Here is a summary of the requirements 8 for the helicopter instrument rating:

  • Hold at least a Private Helicopter Pilot License or be in training to earn one.

  • At least 50 hours of cross-country flight time, with at least 10 hours in a helicopter

  • A least 40 hours of actual or simulated instrument time

  • 20 hours of the above time may be logged with the use of a flight simulator

  • Pass an oral exam

  • Pass a written exam

These flight controls and instrument rating tests can help you understand everything going on in the helicopter. You can take the helicopter instrument rating test simultaneously or after a private pilot certificate or at any time. If you choose to go on and get a commercial helicopter pilot license, it will most likely be required, or you won't be able to find a job.

Overview Of Flight Training

If you've ever wanted to become a helicopter pilot, now's your chance—the sky's the limit. (Yes, I said it, haha.) Helicopter pilots, airplane pilots, you name it! Professional pilot or not, all are in high demand. A recent Boeing 9 study estimated a shortage of 59,000 helicopter pilots through 2038. For the next 20 years, helicopter pilots and airplane pilots will be in high demand in an ever-growing industry.

  • Speak English

  • Decide on the type of pilot training you want.

  • Get your Medical exam.

  • Find a flight school.

  • Dedicate time to fly (a lot of time!)

  • Fly, fly, fly and fly. Also, add some flight simulator training in there.

  • Instrument rating requirements and flying a helicopter safely in adverse weather.

  • Study and pass the oral exam and written test

  • Pass the practical flight test

  • Dance Party after everything is all done. And don't stop flying!

R44 Helicopter in open field

Your First Ground Flight Lesson

Everyone starts with ground instruction, and I'm sure it is because of how many students have crashed the little R22.

The R22 is a small, compact helicopter that's pretty easy to fly (so they say). It's got a lot of power and can quickly lift you in the air, but it's also got some quirks. The R22 is simple, flies fast, and is somewhat easy to fix. Robinson Helicopters 10 wanted the R22 to be a commuter helicopter. However, if you are like me, you bought a car to drive to work, and the R22 didn't fit its market. Because of this, the R22s were priced relatively cheap, so schools bought them to teach students how to fly a helicopter. The downside of these helicopters is that they are zippy and have a low inertia rotor system. In other words, you better have a flight instructor that can move fast in the event of a student mistake.

The other training helicopter is another Robinson helicopter called the R44. Everything in this helicopter happens slower because this helicopter has a higher inertia and a much heavier rotor. However, most schools will charge more to use the R44 as it is a much larger helicopter and requires more fuel.

Your First Air Flight Lesson

Once again, this starts with ground instruction, and it will take some time. The preflight inspection of the helicopter comes first. You will probably spend about half an hour on your preflight check ride. When it comes to the R22, not much is hidden. The most critical pieces are visible underneath the bodywork. Everything is out in the open, like a popup book that you only need to flip up to see what is underneath.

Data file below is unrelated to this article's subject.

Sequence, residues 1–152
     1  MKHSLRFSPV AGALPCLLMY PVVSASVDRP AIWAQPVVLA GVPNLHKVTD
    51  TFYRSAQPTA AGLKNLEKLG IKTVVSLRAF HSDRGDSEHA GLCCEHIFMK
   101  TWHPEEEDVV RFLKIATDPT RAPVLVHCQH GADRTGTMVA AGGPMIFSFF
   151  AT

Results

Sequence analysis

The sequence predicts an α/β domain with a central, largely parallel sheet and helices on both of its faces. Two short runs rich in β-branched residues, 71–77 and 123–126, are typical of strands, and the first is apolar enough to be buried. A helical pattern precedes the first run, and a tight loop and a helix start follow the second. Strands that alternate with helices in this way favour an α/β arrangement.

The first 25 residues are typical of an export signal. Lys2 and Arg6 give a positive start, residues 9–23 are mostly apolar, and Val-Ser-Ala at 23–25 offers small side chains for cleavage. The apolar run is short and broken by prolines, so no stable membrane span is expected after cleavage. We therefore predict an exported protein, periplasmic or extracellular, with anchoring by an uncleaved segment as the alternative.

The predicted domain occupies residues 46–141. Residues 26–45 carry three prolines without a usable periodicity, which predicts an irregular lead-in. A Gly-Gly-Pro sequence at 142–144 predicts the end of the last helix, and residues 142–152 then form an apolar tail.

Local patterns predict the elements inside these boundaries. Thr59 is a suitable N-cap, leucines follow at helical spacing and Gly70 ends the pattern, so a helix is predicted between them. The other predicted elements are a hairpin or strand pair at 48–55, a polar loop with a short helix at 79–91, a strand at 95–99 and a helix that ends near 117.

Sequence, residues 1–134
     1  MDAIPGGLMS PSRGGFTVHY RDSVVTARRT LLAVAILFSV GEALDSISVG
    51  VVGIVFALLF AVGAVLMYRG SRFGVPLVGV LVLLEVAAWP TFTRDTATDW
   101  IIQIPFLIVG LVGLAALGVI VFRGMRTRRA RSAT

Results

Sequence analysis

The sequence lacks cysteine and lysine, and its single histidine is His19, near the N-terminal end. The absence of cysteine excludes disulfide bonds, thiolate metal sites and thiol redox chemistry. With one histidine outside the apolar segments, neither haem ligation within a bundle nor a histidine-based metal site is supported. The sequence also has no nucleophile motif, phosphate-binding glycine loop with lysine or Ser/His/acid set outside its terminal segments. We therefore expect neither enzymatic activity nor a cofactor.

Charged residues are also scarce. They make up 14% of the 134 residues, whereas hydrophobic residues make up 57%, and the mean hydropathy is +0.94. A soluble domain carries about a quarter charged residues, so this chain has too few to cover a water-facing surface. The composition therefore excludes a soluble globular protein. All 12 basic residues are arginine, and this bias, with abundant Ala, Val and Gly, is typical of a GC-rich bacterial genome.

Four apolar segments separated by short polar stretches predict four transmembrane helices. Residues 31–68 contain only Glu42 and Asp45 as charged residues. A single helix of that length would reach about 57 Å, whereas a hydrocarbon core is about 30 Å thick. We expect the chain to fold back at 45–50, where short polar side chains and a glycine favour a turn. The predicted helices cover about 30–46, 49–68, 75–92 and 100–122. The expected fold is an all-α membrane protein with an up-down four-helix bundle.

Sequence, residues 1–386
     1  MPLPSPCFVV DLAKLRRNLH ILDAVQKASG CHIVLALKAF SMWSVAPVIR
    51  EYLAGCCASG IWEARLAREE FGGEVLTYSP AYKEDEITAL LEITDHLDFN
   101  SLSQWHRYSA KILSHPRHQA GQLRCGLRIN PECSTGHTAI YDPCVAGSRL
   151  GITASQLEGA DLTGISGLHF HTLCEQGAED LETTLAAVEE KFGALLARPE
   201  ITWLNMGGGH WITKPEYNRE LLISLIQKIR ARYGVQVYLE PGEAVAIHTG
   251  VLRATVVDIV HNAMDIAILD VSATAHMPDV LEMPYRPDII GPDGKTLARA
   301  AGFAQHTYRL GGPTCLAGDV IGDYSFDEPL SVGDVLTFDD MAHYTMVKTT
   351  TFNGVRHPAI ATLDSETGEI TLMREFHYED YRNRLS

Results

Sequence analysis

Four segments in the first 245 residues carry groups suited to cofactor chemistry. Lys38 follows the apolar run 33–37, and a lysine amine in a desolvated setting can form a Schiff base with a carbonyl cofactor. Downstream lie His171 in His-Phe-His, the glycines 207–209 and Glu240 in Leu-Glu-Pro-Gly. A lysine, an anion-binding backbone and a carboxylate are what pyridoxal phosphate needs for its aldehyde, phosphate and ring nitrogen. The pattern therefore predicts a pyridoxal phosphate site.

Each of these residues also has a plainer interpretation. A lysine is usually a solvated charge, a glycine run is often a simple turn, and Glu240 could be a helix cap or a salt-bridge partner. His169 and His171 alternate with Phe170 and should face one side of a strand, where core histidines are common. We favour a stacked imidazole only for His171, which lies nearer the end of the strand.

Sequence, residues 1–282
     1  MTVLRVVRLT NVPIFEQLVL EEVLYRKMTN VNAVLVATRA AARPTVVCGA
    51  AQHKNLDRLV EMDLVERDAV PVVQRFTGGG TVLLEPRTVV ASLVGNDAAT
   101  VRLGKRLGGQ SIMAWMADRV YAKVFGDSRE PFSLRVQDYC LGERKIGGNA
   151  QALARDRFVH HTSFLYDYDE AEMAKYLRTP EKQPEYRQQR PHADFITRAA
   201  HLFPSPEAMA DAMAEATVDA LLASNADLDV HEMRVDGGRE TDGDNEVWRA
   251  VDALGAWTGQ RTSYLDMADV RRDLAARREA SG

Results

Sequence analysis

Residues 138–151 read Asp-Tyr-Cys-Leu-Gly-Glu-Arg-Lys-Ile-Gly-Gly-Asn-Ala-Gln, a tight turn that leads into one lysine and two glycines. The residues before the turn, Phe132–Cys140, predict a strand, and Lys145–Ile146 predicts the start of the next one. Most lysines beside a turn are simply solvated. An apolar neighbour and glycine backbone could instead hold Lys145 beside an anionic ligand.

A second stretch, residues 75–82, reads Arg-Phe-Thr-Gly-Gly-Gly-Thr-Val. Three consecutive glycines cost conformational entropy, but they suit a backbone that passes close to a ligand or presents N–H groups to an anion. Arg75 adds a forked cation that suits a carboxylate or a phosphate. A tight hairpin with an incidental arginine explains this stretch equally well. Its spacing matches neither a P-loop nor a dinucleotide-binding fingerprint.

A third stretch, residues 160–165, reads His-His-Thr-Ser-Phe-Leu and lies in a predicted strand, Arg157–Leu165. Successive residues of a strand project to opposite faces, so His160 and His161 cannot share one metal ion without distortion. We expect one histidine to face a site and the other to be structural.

You will then practice the most challenging helicopter maneuver; hover taxiing. If you can do this on your first try, you better be screaming from the room tops as this takes about 5 to 6 hours of flight training and is exhausting.

Everything is easier said than done. Helicopter flying takes a lot of time and practice. There is no kidding about that. And your first flight lesson will help you get some of the wiggles out.

Costs Of Learning How To Fly Helicopters

All my research has been around Utah and its flight lesson training programs. So your search could be a lot different. However, I did find most schools to be comparable in price.

Also, note most schools do allow you to pay over time. You can also get a scholarship or a sponsorship from a company that needs helicopter pilots.

The national average for helicopter pilot training, according to Lessions 11 :

  • \$150 to \$200 per hour

  • \$10,000 to \$15,000 to earn a private helicopter license

  • Once again, another great reason to get estimates from helicopter instructors and flight schools, and not just go with the first one you find on the internet.

Is Becoming A Helicopter Pilot Worth It?

There are a few ways to look at this.

  • You get to fly high in the sky.

  • You can get a job flying around celebrities or business executives. (Think Bear Grills)

  • You can get a chance to be a good pilot and help with search and rescue.

I'm hoping that becoming a helicopter pilot can be one of the most rewarding things I'll get to do. I'll get to spend my days flying! And if this turns into a job, my office will be thousands of feet up in the sky!

To Be Continued

I still have many questions, and I want to fill in most of them as I learn to fly. Here are a few I hope to answer.

  • Should I also become an airplane pilot?

  • Should I buy a helicopter at some point?

  • Can I travel by helicopter?

  • How hard will the oral exam and written test be?

  • How much is it costing me?

I'm excited about the future possibilities I'll have if I become a helicopter pilot and will share my story as it unfolds. I'll do my best to keep a positive attitude and am excited for my journey ahead.

Keep following along to see how it all turns out.

Photo Credits

Helicopter Cockpit photo by Jon Grogan on Unsplash

Helicopter R44 photo by Poseidon X on Unsplash

Hill Helicopters photo by Hill Helicopters


  1. https://www.hillhelicopters.com/

  2. https://www.faa.gov/licenses_certificates/medical_certification/get/

  3. https://en.wikipedia.org/wiki/Pilot_certification_in_the_United_States 2

  4. https://www.ecfr.gov/current/title-14/part-61#61.3

  5. https://www.ecfr.gov/current/title-14/chapter-I/subchapter-D/part-61/appendix-Special%20Federal%20Aviation%20Regulation%20No.%2073

  6. https://rgl.faa.gov/REGULATORY_AND_GUIDANCE_LIBRARY%5CRGFAR.NSF/0/F18E724C353E3EAD86256959004C047F

  7. https://pilotteacher.com/how-long-does-it-take-to-become-a-helicopter-pilot-your-guide/

  8. https://www.law.cornell.edu/cfr/text/14/61.65

  9. https://investors.boeing.com/investors/investor-news/press-release-details/2018/Boeing-Forecasts-Unprecedented-20-Year-Pilot-Demand-as-Operators-Face-Pilot-Supply-Challenges/default.aspx

  10. https://robinsonheli.com/r22-beta-ii-specifications/

  11. https://lessons.com/costs/helicopter-pilot-training-cost